It’s early maybe, to start talking about the Tour, but these things need time to percolate and fulminate, to gestate and metastasize. It would be easy to say that Alberto Contador will do the double, such was his control at the Giro that it’s hard to envision anyone putting him in real trouble in France, but the double is prohibitively difficult. To peak, win, recover and win again is not something the human body wants to do. You might almost say that a rider trying to be so good again, for three more weeks, would depend on his rivals to be bad in order for victory to come so easily.
So, Nibali. The Shark of Messina hasn’t show much since winning the Tour in 2014, but he is still among the best climbers in the world, and is better than most of the others on the backside of the mountain. Nibali was surprisingly strong last year. Perhaps he’s been keeping his powder dry.
Chris Froome has not. I’d even call him the favorite after winning the Dauphine. With Richie Porte, a pretender to the throne in his own right, as chief climbing domestique, Froome probably has the strongest performing cast, but good god is he ugly on the bike, all knees and elbows and questionable fit. I hope we don’t have to watch too much of the Kenyan on the front of the pack, going uphill.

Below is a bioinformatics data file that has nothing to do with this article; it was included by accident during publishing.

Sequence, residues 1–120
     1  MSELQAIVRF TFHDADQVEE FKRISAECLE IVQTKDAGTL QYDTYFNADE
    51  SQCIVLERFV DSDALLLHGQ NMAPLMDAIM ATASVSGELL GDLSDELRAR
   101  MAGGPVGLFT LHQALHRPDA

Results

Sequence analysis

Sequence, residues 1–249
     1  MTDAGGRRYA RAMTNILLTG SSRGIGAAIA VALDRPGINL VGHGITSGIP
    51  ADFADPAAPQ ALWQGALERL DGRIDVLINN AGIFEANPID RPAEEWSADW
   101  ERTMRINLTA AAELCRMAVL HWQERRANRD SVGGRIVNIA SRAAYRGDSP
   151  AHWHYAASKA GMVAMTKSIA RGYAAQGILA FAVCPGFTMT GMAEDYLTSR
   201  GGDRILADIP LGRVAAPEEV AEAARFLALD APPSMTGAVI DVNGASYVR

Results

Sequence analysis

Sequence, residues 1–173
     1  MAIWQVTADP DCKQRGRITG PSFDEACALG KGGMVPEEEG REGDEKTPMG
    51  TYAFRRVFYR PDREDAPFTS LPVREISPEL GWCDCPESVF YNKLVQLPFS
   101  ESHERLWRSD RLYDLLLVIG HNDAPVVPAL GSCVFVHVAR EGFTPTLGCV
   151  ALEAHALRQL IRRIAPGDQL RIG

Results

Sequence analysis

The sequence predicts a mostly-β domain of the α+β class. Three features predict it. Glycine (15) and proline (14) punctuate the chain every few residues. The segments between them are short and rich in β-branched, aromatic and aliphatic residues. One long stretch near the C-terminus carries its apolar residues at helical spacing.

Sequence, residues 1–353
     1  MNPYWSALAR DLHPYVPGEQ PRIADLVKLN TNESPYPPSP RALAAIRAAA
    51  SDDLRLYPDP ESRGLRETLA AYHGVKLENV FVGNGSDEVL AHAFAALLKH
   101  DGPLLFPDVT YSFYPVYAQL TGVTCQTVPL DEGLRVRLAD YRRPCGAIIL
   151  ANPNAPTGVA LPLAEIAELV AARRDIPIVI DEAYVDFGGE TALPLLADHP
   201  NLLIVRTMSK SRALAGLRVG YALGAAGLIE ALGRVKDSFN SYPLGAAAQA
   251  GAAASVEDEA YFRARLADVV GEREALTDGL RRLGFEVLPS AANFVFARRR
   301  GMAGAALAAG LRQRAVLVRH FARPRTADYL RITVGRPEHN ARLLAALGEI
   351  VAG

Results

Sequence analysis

My favorite is Nairo Quintana, which is not to say I think he’ll win, but he’s my favorite to watch, stone-faced and calm, churning out watts, sitting stock still. Quintana’s Movistar squad also features Alejandro Valverde, who will jump into the leader’s role the minute the younger Colombian falters. I expect Movistar to play a big part in crowning the Tour’s champion, whether it’s one of their own or not.
There are others, of course. Thibaut Pinot is the best of the rest, for me, but Romain Bardet could be coming of age just in time.
This week’s Group Ride asks, who do you think will be this year’s yellow jersey? Is he among the favorites, or is there a dark horse galloping into France to stand atop the podium?